Cardinals’ promotion turned into a social media gaffe


The Cardinals scheduled a promotion for May 17, when the club takes on the Red Sox, giving away a replica 1967 World Series ring. The Cardinals defeated the Red Sox in seven games back in 1967 to win the championship. So far, so good.

Unfortunately, on Tuesday, the Cardinals’ Twitter account made a gaffe attempting to promote the giveaway. The account tweeted, “You love baseball, she loves jewelry. On May 17th, it’s a win-win.” It attached a video that showed a woman gawking at the ring.

The response wasn’t quite what the Cardinals were expecting. Many responded angrily to the tweet because of its sexist nature. The Cardinals deleted the tweet along with the short video, as Ben Frederickson of the St. Louis Post-Dispatch explains. The club also issued a statement:

Earlier today, we posted a spot on social media to promote our upcoming 1967 Championship Ring giveaway. We received some feedback that it may have either offended some people or created confusion as to whether it was for women only, so we promptly removed it. Our ring giveaways have always been popular with both men and women, and we want to be clear that we will be distributing 30,000 rings to all fans, age 16 or older, before our game on Wednesday, May 17th.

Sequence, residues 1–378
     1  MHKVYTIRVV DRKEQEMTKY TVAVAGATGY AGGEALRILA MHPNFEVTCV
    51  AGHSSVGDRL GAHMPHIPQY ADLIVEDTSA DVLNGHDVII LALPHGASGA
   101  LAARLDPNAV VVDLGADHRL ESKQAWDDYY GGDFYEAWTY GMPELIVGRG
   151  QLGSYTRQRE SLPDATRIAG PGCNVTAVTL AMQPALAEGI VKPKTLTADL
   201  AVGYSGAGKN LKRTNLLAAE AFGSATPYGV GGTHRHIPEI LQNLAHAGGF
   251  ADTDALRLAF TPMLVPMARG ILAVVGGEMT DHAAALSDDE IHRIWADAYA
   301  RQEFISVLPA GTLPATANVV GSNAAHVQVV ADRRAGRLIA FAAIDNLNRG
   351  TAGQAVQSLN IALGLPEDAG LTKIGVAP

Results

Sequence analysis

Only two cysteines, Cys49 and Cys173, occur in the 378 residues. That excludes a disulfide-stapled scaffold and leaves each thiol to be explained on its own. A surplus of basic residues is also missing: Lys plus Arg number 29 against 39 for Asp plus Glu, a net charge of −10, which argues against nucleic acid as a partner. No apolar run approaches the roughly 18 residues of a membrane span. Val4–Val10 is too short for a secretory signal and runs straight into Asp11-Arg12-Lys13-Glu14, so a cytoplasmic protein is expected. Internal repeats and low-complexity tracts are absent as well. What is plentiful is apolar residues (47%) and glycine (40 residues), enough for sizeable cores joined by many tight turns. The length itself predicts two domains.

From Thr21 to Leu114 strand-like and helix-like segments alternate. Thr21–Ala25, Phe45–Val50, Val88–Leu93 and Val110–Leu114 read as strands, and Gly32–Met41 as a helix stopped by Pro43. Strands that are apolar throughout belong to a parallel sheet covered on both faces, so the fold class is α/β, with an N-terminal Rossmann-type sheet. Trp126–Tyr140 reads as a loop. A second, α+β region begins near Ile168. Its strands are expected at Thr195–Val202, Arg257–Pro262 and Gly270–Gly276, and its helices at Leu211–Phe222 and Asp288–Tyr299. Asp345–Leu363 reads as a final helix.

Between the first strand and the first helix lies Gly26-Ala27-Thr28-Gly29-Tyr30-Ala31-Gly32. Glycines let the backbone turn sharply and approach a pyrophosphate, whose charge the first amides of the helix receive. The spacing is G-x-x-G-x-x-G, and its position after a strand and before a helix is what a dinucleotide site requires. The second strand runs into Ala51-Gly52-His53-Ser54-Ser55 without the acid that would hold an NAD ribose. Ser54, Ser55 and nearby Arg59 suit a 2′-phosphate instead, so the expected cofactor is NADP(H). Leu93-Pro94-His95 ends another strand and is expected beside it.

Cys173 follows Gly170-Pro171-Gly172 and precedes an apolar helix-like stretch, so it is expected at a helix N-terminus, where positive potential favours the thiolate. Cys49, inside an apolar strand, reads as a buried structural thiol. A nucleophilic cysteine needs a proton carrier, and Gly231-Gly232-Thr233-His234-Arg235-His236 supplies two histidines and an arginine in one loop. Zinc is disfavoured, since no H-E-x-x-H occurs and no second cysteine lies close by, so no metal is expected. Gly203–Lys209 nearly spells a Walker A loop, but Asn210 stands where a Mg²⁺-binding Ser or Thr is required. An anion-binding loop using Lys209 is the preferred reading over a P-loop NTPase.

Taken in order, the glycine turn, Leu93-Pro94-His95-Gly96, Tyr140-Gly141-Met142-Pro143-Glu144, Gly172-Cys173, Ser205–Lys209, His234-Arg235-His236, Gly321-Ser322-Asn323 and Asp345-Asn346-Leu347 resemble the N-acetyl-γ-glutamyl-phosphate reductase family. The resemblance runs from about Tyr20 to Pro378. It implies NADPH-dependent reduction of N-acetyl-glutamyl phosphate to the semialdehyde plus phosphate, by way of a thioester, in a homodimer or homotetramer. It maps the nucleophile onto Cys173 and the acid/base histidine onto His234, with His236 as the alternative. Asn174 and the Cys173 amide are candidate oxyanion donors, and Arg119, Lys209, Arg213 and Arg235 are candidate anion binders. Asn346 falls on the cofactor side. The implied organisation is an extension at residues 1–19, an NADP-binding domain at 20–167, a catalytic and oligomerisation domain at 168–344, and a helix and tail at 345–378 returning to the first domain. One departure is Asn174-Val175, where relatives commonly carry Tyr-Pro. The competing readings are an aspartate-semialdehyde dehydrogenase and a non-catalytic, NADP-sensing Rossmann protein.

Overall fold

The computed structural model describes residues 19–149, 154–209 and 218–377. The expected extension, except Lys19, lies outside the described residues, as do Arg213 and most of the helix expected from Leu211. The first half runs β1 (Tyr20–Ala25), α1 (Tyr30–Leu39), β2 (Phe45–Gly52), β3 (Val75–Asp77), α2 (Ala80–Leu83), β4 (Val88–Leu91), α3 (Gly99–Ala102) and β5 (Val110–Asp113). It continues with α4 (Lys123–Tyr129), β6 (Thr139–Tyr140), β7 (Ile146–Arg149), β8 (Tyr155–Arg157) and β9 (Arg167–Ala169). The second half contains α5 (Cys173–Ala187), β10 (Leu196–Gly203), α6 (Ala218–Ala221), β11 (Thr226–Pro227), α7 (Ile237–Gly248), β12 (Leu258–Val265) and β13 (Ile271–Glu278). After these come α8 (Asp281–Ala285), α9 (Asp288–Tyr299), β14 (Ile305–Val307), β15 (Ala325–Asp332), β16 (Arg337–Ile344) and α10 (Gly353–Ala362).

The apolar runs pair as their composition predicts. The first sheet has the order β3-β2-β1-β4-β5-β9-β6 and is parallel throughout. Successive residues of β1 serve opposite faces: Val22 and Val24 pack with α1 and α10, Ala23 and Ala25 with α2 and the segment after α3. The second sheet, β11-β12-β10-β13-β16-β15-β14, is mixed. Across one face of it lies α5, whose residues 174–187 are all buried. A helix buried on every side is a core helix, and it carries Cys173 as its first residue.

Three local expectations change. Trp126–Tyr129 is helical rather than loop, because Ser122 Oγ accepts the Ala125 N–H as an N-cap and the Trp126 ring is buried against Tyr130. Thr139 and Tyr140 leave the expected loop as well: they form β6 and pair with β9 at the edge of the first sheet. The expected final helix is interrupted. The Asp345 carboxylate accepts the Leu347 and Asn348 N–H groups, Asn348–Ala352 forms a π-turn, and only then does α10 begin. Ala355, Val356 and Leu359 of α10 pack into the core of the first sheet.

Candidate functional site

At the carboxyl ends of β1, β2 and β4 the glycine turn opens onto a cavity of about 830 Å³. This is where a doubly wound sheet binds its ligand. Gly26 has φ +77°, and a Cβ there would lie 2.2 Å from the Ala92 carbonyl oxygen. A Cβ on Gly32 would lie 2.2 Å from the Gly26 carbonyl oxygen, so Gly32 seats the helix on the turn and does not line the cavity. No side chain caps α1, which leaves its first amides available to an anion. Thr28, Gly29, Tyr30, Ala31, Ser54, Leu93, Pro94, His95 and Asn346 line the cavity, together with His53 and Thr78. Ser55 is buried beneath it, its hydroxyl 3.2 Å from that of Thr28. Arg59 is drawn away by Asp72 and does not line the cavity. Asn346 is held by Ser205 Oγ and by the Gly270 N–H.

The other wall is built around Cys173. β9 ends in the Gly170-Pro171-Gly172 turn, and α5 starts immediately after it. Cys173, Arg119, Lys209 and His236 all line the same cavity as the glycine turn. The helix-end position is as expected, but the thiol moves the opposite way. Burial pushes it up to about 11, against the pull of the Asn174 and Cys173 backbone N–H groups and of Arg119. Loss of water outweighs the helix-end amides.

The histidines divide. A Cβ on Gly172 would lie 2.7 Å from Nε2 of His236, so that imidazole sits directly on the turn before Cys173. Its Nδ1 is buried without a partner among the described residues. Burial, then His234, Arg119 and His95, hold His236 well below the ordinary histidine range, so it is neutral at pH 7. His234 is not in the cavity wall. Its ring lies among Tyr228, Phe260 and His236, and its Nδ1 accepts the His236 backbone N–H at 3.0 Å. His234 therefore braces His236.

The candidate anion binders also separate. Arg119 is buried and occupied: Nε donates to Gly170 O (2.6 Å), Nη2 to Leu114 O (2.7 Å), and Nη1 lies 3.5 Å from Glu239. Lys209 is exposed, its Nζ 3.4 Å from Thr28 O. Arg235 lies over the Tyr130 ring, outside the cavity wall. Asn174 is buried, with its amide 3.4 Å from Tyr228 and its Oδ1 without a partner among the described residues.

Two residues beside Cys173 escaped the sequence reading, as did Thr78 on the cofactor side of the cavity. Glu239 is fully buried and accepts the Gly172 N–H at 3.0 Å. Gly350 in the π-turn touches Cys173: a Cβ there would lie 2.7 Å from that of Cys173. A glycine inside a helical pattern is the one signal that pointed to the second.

Gender-based division is on its way out, so hopefully baseball teams get on that train sooner rather than later. There’s no need for it and as the Cardinals found out, a thoughtless slip-up can result in a tidal wave of backlash — which, by the way, was completely warranted.

Yankees sign Adam Lind to a minor league deal. Again.

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The Yankees signed Adam Lind to a minor league deal this past offseason. Then they released him during spring training. Now they have signed him to another minor league deal. He’ll report to extended spring training where he’ll now try not to get extended released.

Lind is a platoon guy with little defensive value, but he hit .303/.362/.513 with 14 home runs and 59 RBI in 301 plate appearances for the Nationals last season, serving as a pinch-hitter and backup first baseman and outfielder. The injury to Greg Bird and the impending suspension of Tyler Austin — he’s currently on appeal — will likely give him at least some opportunity to show that he’s still a big leaguer.

Which, yeah, he probably still is. Or at least would be if teams didn’t have 13 and 14-man pitching staffs and actually had room for a couple of bench position players. Such is not the current game of baseball, however.